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Factors Associated With Cancer-Specific and Overall Survival Among Indigenous and Non-Indigenous Gynecologic Cancer Patients in Queensland, Australia

Diaz, Abbey, Moore, Suzanne P., Martin, Jennifer, Green, Adele C., Garvey, Gail and Valery, Patricia C. (2015). Factors Associated With Cancer-Specific and Overall Survival Among Indigenous and Non-Indigenous Gynecologic Cancer Patients in Queensland, Australia. International Journal of Gynecological Cancer,25(3):542-547.

Document type: Journal Article
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IRMA ID 75039815xPUB842
Title Factors Associated With Cancer-Specific and Overall Survival Among Indigenous and Non-Indigenous Gynecologic Cancer Patients in Queensland, Australia
Author Diaz, Abbey
Moore, Suzanne P.
Martin, Jennifer
Green, Adele C.
Garvey, Gail
Valery, Patricia C.
Journal Name International Journal of Gynecological Cancer
Publication Date 2015
Volume Number 25
Issue Number 3
ISSN 1048-891X   (check CDU catalogue  open catalogue search in new window)
Scopus ID 2-s2.0-84924351639
Start Page 542
End Page 547
Total Pages 6
Place of Publication United Kingdom
Publisher Lippincott Williams & Wilkins, Ltd.
Field of Research 111701 - Aboriginal and Torres Strait Islander Health
HERDC Category C1 - Journal Article (DIISR)
Abstract Objective: Aboriginal and Torres Strait Islander women have a higher mortality rate due to gynecologic cancer compared with non-Indigenous women. For cervical cancer, Australian Indigenous women are less likely to survive 5 years following diagnoses than non-Indigenous women. This study investigates the factors associated with gynecologic cancer treatment and survival among Queensland indigenous and non-Indigenous women.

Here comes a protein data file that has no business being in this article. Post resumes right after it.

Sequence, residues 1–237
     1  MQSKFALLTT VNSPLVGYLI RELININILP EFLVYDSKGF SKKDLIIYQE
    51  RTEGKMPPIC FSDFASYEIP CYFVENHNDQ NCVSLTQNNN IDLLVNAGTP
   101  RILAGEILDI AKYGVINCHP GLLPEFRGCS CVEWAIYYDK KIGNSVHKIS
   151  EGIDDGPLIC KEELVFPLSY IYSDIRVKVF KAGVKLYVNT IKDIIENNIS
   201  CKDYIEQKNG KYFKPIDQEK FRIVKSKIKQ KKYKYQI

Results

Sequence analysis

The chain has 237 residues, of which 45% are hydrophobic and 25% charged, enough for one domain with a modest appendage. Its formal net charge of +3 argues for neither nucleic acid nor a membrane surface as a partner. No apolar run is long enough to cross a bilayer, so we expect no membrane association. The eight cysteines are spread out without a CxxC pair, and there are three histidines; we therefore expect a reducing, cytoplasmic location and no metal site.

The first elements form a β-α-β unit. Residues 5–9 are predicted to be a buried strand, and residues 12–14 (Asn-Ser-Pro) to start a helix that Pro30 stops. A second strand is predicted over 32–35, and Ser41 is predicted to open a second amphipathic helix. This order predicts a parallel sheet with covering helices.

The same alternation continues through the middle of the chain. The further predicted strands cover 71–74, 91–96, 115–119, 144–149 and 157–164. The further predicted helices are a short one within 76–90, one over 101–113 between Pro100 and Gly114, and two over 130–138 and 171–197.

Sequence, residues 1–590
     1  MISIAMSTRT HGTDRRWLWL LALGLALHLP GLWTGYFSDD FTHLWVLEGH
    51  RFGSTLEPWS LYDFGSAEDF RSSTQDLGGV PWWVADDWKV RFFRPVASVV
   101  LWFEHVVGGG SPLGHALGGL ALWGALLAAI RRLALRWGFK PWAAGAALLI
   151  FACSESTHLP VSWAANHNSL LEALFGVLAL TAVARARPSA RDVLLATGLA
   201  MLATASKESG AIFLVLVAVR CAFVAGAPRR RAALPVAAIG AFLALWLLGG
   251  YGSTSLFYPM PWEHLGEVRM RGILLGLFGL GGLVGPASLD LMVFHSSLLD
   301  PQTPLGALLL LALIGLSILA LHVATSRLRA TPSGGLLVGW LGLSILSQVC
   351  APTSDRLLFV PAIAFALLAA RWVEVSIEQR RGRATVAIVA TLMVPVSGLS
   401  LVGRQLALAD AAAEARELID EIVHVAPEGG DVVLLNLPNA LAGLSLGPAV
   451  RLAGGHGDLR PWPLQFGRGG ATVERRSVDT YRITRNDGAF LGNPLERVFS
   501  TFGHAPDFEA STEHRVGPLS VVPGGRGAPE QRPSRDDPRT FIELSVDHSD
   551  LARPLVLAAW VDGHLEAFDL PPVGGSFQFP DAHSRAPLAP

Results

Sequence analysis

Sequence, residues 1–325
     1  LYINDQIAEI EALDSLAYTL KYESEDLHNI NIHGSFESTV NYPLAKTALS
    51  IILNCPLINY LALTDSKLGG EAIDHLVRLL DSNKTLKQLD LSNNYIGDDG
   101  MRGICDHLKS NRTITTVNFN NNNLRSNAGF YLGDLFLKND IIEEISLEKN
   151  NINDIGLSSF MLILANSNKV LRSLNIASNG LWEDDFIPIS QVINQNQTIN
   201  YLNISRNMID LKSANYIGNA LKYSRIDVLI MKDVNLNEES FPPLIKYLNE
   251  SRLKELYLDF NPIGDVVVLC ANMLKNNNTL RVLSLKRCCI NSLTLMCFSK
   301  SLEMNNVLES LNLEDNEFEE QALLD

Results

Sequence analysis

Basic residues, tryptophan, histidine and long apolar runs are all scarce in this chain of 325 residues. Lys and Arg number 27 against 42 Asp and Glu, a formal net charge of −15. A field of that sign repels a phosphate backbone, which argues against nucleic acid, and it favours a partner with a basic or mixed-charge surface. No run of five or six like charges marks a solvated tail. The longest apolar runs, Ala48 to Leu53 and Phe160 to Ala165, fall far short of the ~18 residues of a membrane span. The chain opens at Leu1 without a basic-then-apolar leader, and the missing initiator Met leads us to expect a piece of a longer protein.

Methods: Australian Indigenous women diagnosed with uterine, cervical, ovarian, or other gynecologic cancers during 1998–2004 in the public hospital system were included. They were frequency matched on age (±5 years), residential remoteness, and cancer type to a random sample of non-Indigenous women. One- and 5-year cancer-specific survival was examined according to Indigenous status using Cox proportional hazards regression.

Results: Indigenous women (n = 137) compared with non-Indigenous women (n = 120) were less likely to be diagnosed with localized disease (49% vs 65%, P = 0.02) and had more comorbidities (52% vs 21%, P < 0.001). Indigenous women were less likely to receive any cancer treatment compared with non-Indigenous women (91% vs 98%, P = 0.01), although when excluding those with metastatic cancer, there was no significant difference in uptake of treatment (95% vs 91%, respectively, P = 0.31). Among those who did undergo treatment, there was no difference in time to treatment (median difference 0.5 days, P = 0.98). Gynecologic cancer–specific survival differences between Indigenous and non-Indigenous women were most prominent in the first year following diagnosis (hazard ratio [HR], 1.89; 95% confidence interval [CI], 1.06–3.38) and were no longer significant 5 years after diagnosis (HR, 1.47 [95% CI, 0.97–2.25]). For cervical cancer, crude 1-year survival was poorer for Indigenous women compared with non-Indigenous women (HR, 2.46 [95% CI, 1.03–5.90]), but was no different when adjusted for stage and treatment of cancer (HR, 1.00 [95% CI, 0.45–2.24]).

Conclusions:
Improving the early diagnosis of cervical cancer in Indigenous women may increase cancer-specific survival in the year following diagnosis.

DOI http://dx.doi.org/10.1097/IGC.0000000000000375   (check subscription with CDU E-Gateway service for CDU Staff and Students  check subscription with CDU E-Gateway in new window)
 
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